to be bet­ter at it Six ways

We’ve been say­ing ‘yes’ for so long that we don’t know how to say ‘no’ any­more. And when we do, we feel the need to ex­plain our­selves. Over-com­mit­ting is mak­ing us flaky and guil­trid­den – or re­sent­ful be­cause it stops us from say­ing ‘yes’ to the right stu

Fairlady - - CONTENTS - By Marli Meyer

There are many ex­pla­na­tions as to why it’s dif­fi­cult to say ‘no’. Our in­strin­sic need to be liked, to please peo­ple, to avoid dis­ap­point­ing them and to fit into our com­mu­ni­ties, for ex­am­ple. Per­son­ally, be­ing an un­re­al­is­tic op­ti­mist is my big­gest rea­son – I truly be­lieve it’s some­how pos­si­ble to seam­lessly fit ev­ery­thing in, right up to the very last mo­ment, when I re­alise it’s not. Work­wise, we want to im­press our bosses, which means at­tend­ing ev­ery meet­ing so we’re seen to be proac­tive and on top of ev­ery­thing. And of course there’s the fa­mously con­ta­gious FOMO that rules our so­cial psy­ches.

I re­alised I was strug­gling with all of the above when I was vent­ing to my sis­ter at lunch one day about how chaotic my life felt. She stopped me mid­way: ‘It’s be­cause you never

have time to just chill and do noth­ing. You don’t need to do ev­ery­thing all the time,’ she said.

‘Yes, but I can’t miss cer­tain things!’

‘But you’re not miss­ing any­thing at the mo­ment. You’re say­ing ‘yes’ to ev­ery­thing – on a per­sonal and a pro­fes­sional level.’

It’s hard to go from putting your hand up for ev­ery­thing one day to as­sertively turn­ing things down with­out ex­cuses the next, but clearly some­thing needed to shift. This was what I re­alised:

1. Say­ing ‘yes’ to ev­ery­thing means you’re short on time for im­por­tant things

In the same way that mul­ti­task­ing makes us less ef­fec­tive at ev­ery­thing we’re at­tempt­ing to do, con­stantly say­ing ‘yes’ de­creases our abil­ity to add real value. Craig Cin­cotta, a direc­tor of com­mu­ni­ca­tions at Mi­crosoft, refers to this as cre­at­ing rip­ples of pro­duc­tiv­ity when you should be mak­ing waves: ‘What re­ally needs to hap­pen ver­sus what you want to have hap­pen – of­ten needs and wants are in con­flict. Your time is valu­able and the busi­ness is count­ing on you to make good de­ci­sions. If you just say “yes” to ev­ery po­ten­tial need or re­quest that comes your way, you’re lim­it­ing your abil­ity to fo­cus.’ Ergo, rip­ples, not waves.’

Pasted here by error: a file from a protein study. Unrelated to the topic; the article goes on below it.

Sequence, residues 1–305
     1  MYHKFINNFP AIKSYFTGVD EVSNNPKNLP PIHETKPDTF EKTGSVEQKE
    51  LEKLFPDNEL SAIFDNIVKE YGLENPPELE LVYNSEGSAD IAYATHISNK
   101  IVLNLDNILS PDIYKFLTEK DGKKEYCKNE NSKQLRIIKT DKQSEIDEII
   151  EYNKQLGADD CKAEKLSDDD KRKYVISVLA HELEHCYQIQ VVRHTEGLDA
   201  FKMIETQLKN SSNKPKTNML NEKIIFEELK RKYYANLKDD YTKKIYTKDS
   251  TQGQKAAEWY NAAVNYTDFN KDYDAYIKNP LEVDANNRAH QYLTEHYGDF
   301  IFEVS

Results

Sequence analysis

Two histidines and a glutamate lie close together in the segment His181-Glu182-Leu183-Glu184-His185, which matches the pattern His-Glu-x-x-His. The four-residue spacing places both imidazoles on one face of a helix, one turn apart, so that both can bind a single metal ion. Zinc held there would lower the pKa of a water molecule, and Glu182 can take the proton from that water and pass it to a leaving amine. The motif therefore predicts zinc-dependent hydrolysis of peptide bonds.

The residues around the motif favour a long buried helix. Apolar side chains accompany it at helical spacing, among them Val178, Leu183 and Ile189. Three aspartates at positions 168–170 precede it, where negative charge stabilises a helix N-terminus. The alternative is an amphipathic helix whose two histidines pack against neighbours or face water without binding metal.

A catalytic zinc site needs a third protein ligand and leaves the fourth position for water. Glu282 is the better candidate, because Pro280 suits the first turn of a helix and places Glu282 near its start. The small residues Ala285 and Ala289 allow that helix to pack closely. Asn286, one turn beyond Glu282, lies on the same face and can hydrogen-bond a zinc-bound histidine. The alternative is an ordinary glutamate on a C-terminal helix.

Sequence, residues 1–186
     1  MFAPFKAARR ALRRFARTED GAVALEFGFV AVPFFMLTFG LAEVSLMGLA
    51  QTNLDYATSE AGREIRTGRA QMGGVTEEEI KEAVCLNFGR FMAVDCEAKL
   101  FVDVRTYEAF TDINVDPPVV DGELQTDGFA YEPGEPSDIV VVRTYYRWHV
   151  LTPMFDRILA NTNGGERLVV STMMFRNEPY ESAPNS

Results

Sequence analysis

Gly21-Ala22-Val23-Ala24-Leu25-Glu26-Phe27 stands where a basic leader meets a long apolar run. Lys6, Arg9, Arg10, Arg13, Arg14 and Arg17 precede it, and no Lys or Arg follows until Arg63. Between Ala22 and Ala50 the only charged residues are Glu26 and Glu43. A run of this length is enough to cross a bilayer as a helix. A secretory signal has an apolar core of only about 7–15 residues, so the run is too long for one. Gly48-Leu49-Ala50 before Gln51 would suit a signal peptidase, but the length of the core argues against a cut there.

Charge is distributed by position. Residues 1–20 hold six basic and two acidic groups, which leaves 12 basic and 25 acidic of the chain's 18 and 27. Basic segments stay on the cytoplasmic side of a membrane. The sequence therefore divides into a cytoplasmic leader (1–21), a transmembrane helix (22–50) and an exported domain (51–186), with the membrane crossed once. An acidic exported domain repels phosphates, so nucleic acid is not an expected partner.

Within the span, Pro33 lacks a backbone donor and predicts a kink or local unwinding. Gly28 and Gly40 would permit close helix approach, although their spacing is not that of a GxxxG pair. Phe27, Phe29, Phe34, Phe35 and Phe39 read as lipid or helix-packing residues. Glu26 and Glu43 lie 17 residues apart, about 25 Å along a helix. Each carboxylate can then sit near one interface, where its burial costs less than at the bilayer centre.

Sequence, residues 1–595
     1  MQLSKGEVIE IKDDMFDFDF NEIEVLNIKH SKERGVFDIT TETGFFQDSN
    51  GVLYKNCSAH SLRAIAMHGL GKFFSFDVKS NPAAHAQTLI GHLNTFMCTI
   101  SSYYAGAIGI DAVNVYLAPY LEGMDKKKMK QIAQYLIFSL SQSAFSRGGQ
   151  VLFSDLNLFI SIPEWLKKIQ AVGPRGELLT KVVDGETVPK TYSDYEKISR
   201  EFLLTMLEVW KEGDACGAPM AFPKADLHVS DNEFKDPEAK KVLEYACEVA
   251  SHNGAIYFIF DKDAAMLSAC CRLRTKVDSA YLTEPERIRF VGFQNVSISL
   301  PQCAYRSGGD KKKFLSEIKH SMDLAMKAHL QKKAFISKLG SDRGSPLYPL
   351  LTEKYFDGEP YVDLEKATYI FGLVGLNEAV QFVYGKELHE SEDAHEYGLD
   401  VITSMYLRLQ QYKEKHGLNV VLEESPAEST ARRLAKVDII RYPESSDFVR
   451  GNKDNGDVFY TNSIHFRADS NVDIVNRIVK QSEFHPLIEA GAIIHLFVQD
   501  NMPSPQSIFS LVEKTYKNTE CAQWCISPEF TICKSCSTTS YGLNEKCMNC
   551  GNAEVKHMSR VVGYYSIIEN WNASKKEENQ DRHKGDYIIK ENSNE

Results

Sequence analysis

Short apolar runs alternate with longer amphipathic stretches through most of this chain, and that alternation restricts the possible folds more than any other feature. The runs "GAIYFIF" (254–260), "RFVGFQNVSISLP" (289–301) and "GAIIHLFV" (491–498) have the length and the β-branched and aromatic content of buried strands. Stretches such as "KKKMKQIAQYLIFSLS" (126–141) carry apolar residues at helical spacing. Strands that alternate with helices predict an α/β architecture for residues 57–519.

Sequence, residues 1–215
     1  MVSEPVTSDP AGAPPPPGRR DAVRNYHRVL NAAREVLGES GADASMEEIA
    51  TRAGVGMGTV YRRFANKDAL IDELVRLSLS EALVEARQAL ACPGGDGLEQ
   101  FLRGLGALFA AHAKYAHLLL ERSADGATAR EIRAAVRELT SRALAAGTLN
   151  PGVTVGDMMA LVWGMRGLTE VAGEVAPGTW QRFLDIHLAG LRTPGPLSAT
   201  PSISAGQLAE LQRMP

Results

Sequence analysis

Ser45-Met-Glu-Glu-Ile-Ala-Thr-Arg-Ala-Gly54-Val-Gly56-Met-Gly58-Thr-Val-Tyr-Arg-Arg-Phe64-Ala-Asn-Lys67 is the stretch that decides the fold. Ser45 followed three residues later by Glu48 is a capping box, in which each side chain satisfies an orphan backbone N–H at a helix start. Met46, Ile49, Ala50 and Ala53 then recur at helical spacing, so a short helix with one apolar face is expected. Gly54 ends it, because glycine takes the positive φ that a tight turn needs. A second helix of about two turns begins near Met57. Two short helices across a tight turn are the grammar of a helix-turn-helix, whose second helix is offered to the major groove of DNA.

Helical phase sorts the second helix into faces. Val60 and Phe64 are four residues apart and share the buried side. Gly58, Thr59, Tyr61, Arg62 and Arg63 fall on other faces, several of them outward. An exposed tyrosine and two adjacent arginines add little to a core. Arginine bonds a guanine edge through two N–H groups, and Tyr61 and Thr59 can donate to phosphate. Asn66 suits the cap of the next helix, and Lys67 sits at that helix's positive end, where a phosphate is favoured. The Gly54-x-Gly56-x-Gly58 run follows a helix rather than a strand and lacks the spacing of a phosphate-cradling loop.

On a per­sonal level, if you’re try­ing to get to ev­ery so­cial op­por­tu­nity, you may not be pri­ori­tis­ing the re­la­tion­ships you should by giv­ing them enough fo­cus and proper qual­ity time. Your fam­ily or part­ner could be left feel­ing that they aren’t enough of a pri­or­ity.

2. There’s a rea­son most suc­cess­ful peo­ple of­ten say ‘no’

By se­lec­tively and con­sciously de­cid­ing how your time will be spent, and com­mit­ting only to cer­tain things, you’re ac­knowl­edg­ing that those things are highly valu­able. War­ren Buf­fett fa­mously said: ‘The dif­fer­ence be­tween suc­cess­ful peo­ple and very suc­cess­ful peo­ple is that very suc­cess­ful peo­ple say “no” to al­most ev­ery­thing.’

If you’re spend­ing your time and en­ergy only on the most es­sen­tial and promis­ing op­por­tu­ni­ties, you’ll be more pro­duc­tive, your per­sonal life will flour­ish and you’ll feel em­pow­ered by the di­rec­tion you’re tak­ing.

Greg McKe­own, New York Times best­selling au­thor of Essen­tial­ism: The Dis­ci­plined Pur­suit of Less ex­plains that this re­quires ‘not just hap­haz­ardly say­ing “no”, but pur­pose­fully, de­lib­er­ately, and strate­gi­cally elim­i­nat­ing the nonessen­tials. Not just once a year as part of a plan­ning meet­ing, but con­stantly re­duc­ing, fo­cus­ing and sim­pli­fy­ing. Not just get­ting rid of the ob­vi­ous time-wasters, but be­ing will­ing to cut out re­ally ter­rific op­por­tu­ni­ties as well’. It’s min­i­mal­ism ap­plied to more than just dé­cor!

The other up­side of trad­ing our yes-cul­ture for a more con­sid­ered one, ar­gues Lucy Kell­away of the

Fi­nan­cial Times, is this: ‘If enough peo­ple were to say “no” to point­less things of­ten enough it would lead to a more ef­fi­cient al­lo­ca­tion of re­sources. If we all re­fused bor­ing meet­ings and events, even­tu­ally the penny would drop and peo­ple would stop ar­rang­ing them.’

3. Say­ing ‘no’ more of­ten will stop us from say­ing ‘yes’ and not ac­tu­ally mean­ing it